Across the way, a large building with the Virgin Galactic logo houses the spaceship as well as a fleet of new ones under construction. We headed over, but again, the parking lot was empty, door locked. We rang the bell anyway and were greeted by two young engineers. 

Oh Richard does that. The spaceship needs more test flights before it's ready.- Engineers at Virgin Galactic in the Mojave Air and Space Port 

"I'm a journalist from Canada and heard that Richard Branson was to make his first flight today. What happened?"

The engineers looked at each other and smiled. "Oh Richard does that. The spaceship needs more test flights before it's ready."

We were not allowed into the building to see the spaceships, nor would they discuss any details about what was going on inside. Not far away, on the same space port property, another even larger hanger housing Stratolaunch, the world's largest aircraft designed to launch spacecraft from the air, was also completely closed up with no one in sight.

The dawn of a new space age... just not yet

Apparently, the new space age was not quite ready to leave the ground 50 years after humans first landed on the moon. This demonstrates that even after more than half a century of space flight, it is still hard to do. It also shows just how amazing it was that the moon landings were pulled off in only eight years after President Kennedy set the goal and deadline. Of course, the Apollo program was helped along by a virtual blank check from the government and a workforce of 400,000 people. That kind of support no longer exists so the private companies are struggling to develop new technology and fly it safely on their own.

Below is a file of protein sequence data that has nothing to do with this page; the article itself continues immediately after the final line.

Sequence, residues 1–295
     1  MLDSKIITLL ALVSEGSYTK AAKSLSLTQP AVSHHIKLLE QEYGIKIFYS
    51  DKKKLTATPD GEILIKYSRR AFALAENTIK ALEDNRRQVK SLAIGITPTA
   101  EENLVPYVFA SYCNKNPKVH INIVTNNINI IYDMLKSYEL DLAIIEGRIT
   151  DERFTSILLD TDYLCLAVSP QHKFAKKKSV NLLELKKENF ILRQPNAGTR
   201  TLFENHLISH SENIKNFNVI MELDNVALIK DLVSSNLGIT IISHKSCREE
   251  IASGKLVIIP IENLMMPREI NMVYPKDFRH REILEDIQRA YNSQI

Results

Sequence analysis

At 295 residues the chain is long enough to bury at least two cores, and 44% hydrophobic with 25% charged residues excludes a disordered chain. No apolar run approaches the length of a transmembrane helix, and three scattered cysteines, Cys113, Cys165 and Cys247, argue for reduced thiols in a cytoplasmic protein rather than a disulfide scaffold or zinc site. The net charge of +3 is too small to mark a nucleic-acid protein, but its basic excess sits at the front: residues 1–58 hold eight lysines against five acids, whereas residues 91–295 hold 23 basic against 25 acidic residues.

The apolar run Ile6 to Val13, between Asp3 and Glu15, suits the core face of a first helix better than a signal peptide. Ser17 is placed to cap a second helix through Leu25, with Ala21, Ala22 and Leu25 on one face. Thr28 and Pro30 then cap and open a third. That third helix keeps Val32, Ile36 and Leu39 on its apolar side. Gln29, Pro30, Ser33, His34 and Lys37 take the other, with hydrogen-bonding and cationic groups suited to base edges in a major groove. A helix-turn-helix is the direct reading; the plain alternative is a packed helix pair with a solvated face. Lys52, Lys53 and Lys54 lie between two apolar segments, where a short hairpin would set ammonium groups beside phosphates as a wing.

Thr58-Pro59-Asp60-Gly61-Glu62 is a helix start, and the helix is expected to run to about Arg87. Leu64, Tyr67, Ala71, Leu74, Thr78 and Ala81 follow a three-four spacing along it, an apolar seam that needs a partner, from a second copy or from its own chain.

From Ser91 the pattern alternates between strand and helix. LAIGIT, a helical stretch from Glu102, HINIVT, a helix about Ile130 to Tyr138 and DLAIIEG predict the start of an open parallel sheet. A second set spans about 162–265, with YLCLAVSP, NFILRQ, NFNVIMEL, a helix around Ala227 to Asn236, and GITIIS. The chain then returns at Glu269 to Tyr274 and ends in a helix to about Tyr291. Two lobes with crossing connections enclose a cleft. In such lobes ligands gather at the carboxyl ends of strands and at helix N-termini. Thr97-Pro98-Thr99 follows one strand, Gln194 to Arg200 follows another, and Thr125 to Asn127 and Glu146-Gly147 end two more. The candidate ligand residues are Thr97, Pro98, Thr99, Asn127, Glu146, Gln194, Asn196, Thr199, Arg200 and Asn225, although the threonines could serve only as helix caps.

In this photo, people watch the Apollo 11 launch at Kennedy Space Center on July 16, 1969. Four days later, the capsule would land on the moon. (Robert Fleming)

Still, Richard Branson is hopeful he will get to fly within a year while his competitor, Jeff Bezos, head of Blue Origin, hopes to be flying passengers in his rocket New Shepard in the near future, and Elon Musk is talking about sending tourists around the moon and establishing a colony on Mars.

The timeline of these events will likely be longer than the billionaire owners of the companies would like, but perhaps that is a more realistic pace of space development, rather than the frantic space race of the 1960s.

In any case, when Richard Branson does make his first space flight, I'd like to be a witness, but I'd really like to return to Spaceport America one day as a passenger. 

Quirks & Quarks host Bob McDonald also visited the Mojave Air and Space Port this summer in an attempt to get a glimpse of Virgin Galactic's SpaceShipTwo. (Bob McDonald)

About the Author

Bob McDonald is the host of CBC Radio's award-winning weekly science program, Quirks & Quarks. He is also a science commentator for CBC News Network and CBC-TV's The National. He has received 12 honorary degrees and is an Officer of the Order of Canada.